Experimental Investigation of Factors Affecting Laboratory Relative Permeability Measurements
- T.M. Geffen (Stanolind Oil and Gas Co.) | W.W. Owens (Stanolind Oil and Gas Co.) | D.R. Parrish (Stanolind Oil and Gas Co.) | R.A. Morse (Stanolind Oil and Gas Co.)
- Document ID
- Society of Petroleum Engineers
- Journal of Petroleum Technology
- Publication Date
- April 1951
- Document Type
- Journal Paper
- 99 - 110
- 1951. Original copyright American Institute of Mining, Metallurgical, and Petroleum Engineers, Inc. Copyright has expired.
- 5.4.1 Waterflooding, 4.3.1 Hydrates, 1.6.9 Coring, Fishing, 4.1.5 Processing Equipment, 5.1 Reservoir Characterisation, 5.8.8 Gas-condensate reservoirs, 4.6 Natural Gas, 5.3.2 Multiphase Flow, 2.4.3 Sand/Solids Control, 5.1.1 Exploration, Development, Structural Geology, 5.2.1 Phase Behavior and PVT Measurements, 5.3.4 Reduction of Residual Oil Saturation, 4.3.4 Scale, 1.2.3 Rock properties, 4.1.2 Separation and Treating
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Laboratory studies of several factors affecting measurements of relativepermeability were made using the three-section plastic-covered core technique.Results show that the core assembly, properly constructed, will perform as asingle unit, and that the testing technique will, under suitable conditions ofpressure gradient, gas expansion, and migration of partial water saturation,permit measurement of flow characteristics not affected by technique.Wettability equilibrium is readily established in cores exhibiting strongwetting preference to water or oil when initially saturated with water.Laboratory tests must be conducted so that saturation changes represent thosethat occur in the reservoir. Immediate implications of saturation history are(1) that the possibility exists of increasing the displacement efficiency ofsolution gas drive reservoirs over the natural process, and (2) residual gassaturations following water flooding in gas or gas condensate reservoirs willbe 15 to 50 per cent pore space rather than 1 to 11 per cent as generallybelieved.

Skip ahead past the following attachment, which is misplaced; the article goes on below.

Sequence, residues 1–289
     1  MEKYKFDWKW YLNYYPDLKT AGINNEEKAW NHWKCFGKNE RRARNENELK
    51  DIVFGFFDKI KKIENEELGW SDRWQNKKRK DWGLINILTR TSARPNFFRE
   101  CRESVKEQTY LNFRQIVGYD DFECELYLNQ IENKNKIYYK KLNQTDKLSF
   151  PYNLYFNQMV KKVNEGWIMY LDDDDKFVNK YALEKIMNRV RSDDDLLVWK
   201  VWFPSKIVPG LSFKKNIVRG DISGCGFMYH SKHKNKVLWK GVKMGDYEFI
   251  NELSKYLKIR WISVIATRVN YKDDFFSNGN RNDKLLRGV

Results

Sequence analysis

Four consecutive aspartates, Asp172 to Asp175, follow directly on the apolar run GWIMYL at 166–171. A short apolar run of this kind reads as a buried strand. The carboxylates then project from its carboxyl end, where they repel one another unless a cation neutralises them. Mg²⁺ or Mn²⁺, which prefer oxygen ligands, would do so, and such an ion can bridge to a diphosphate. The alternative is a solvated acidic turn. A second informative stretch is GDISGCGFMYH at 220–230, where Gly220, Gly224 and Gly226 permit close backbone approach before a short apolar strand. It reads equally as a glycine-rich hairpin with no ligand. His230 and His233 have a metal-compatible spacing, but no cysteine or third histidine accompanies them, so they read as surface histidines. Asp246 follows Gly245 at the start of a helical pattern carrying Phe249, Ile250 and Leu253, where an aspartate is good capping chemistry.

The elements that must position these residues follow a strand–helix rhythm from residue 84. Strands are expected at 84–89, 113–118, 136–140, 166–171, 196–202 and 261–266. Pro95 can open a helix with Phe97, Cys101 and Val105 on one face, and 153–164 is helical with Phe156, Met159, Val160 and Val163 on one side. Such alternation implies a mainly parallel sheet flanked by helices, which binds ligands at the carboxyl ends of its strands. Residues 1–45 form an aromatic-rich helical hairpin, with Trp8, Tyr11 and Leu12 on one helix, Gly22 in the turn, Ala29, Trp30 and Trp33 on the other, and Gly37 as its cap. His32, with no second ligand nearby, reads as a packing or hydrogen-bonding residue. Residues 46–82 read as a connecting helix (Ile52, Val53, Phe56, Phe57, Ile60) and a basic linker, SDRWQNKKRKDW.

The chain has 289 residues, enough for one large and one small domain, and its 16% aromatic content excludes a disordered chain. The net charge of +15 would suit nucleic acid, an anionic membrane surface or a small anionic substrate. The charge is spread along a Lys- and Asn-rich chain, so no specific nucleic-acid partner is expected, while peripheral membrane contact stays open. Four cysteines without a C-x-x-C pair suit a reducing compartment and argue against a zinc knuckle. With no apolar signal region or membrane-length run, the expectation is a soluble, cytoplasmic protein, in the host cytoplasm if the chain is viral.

Solutions of petroleum reservoir problems pertaining to productionperformance require the use of true relative permeability characteristics. Thisrelationship of fluid conductivity and saturation has been obtained byreservoir engineers in four ways, namely:
1. From past gross reservoir performance and the extrapolation of this databased on experience,
2. By using published fluid flow relationships obtained in laboratory studieson general type porous materials,
3. By attempting a mathematical derivation of flow behavior, using someexperimentally obtained characteristics of reservoir rocks, and
4. By laboratory flow tests using representative rock samples of areservoir.
The first three methods listed above have shortcomings which make their uselimited or questionable. Production characteristics of only certain processesare obtained from field data and these are not available at the beginning of areservoir's producing life, at which time they are desirable. It is fortuitousif general fluid flow characteristics obtained experimentally have accurateapplication to specific field problems. Also, it is felt that at this timethere is not sufficient knowledge of the flow behavior of oil, water, and gasin porous materials to enable applicable analytical description of this to bemade based on other measured rock characteristics.
Measurement of relative permeability in the laboratory offers the only directmethod subject to adequate checking for determination of flow characteristicsapplicable to field problems. Primarily, this paper deals with laboratoryexperiments to establish the effects of several factors on the measurement ofrelative permeability and the practical significance of this knowledge.
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